When Texas made the decision to hire Chris Beard to replace Shaka Smart at the head men’s basketball coach this offseason it felt like Texas might actually be able to reach the potential the program has always seemed to fall short of. 

Few had to think that Beard would have the ability to turn the program around as quickly as he is and it only got better in recent days when former Minnesota guard Marcus Carr announced that he is transferring to Texas for his final season of eligibility. 

Carr is the sixth transfer to land in Austin this season that ranks in ESPN’s top-31 offseason transfers. The Longhorns also brought in three of the top five, according to the same list. 

Before Carr’s addition, Texas was a borderline top-10 team in the country, but now they move all the way up No. 2 in many preseason polls behind only Gonzaga and ahead of UCLA, both of whom played in the Final Four last season. 

Here is a breakdown of the most impactful transfers Texas has landed this season and why you should expect to see the Longhorns make noise in March 2022 with Beard leading the way. 

Devin Askew, Guard, Kentucky

Devin Askew experienced a disappointing freshman season at Kentucky last season when he averaged just 6.5 points, 2.6 rebounds, and 2.9 assists a game. 

Askew, a former top-30 national recruit, was probably expecting to play just one year in college before bouncing to the NBA like many other former five star recruits have done in the last decade under John Calipari at Kentucky. 

Instead, he finds himself in Austin playing for Beard and hoping that he can reach some of the potential that talent evaluators saw coming out of Mater Dei High School in Sacramento. 

Askey isn’t going to be the number one option for Texas this season, and he might not even be the second option. However, if he shoots it more efficiently from three this season — he only made 27.8 percent from three last season — he could be primed to be a key piece for the Texas backcourt.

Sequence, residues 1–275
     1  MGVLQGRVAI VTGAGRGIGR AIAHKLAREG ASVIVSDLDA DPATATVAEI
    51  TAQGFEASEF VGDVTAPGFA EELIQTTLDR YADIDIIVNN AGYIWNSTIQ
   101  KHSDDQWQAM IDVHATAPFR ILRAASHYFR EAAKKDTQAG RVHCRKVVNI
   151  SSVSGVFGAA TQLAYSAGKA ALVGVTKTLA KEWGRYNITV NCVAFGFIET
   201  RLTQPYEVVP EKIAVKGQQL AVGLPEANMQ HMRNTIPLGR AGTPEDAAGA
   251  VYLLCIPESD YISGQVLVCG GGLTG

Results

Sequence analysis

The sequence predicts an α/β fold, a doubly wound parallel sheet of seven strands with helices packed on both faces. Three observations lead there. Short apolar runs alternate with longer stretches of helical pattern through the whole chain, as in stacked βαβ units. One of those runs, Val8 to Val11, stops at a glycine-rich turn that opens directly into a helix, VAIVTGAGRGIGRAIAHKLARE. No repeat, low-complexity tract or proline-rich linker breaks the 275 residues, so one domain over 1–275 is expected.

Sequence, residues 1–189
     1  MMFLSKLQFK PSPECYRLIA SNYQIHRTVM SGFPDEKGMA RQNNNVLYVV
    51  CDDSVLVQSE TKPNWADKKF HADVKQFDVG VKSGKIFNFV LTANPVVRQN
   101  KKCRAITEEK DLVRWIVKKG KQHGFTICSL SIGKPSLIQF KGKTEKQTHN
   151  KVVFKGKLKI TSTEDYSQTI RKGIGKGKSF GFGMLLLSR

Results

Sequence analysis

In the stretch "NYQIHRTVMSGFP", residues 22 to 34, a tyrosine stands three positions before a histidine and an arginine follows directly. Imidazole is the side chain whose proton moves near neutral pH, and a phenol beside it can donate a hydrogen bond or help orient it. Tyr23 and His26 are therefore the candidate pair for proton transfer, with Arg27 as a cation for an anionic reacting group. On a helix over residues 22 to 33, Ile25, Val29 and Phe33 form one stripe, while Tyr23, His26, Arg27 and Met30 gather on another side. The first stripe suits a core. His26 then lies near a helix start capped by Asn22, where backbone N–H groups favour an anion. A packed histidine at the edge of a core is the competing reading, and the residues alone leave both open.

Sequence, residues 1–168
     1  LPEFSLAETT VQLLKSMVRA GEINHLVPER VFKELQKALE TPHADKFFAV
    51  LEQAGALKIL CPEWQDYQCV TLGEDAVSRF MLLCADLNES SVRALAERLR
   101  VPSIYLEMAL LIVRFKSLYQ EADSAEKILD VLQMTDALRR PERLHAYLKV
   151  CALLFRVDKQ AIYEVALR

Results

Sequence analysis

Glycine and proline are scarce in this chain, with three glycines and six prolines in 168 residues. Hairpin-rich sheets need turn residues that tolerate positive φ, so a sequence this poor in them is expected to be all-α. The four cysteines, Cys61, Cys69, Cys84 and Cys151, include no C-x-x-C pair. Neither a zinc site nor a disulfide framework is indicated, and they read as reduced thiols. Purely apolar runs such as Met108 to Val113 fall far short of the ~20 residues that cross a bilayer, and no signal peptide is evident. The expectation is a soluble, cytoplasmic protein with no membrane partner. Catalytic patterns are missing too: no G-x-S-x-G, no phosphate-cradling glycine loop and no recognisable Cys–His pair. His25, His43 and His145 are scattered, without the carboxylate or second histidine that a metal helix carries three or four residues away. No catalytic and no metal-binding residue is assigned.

Dylan Disu, Forward, Vanderbilt 

Dylan Disu is entering his junior season and after two seasons at Vanderbilt that didn’t bring many wins the 6-foot-9, 220 pounds forward is expecting to see the wins pile up at Texas this season. 

Disu, a native of Pflugerville, Texas, returns to his home state after averaging 15 points a game and 9.2 rebounds a game last season for the Commodores. Disu shot it pretty well from three last season, making 36.9 percent of his attempts. 

Disu is slated to be the four in Austin this season and is likely going to be one of the Longhorns’ best options offensively while also serving as a decent rim protector. 

Christian Bishop, Forward, Creighton

Creighton transfer Christian Bishop is another forward that transferred to Texas this offseason after a good season in 2020-21. In three seasons at Creighton, Bishop averaged 8.0 points a game with 4.7 rebounds and one assist while making about 65 percent of his shots from the field. 

Bishop experienced a bit of a breakout season in 2020-21 when he averaged 11.0 points and 6.4 rebounds a game. Bishop doesn’t possess the ability to shoot it from the perimeter, like Disu, but he does play good defense and is really active on that end of the court.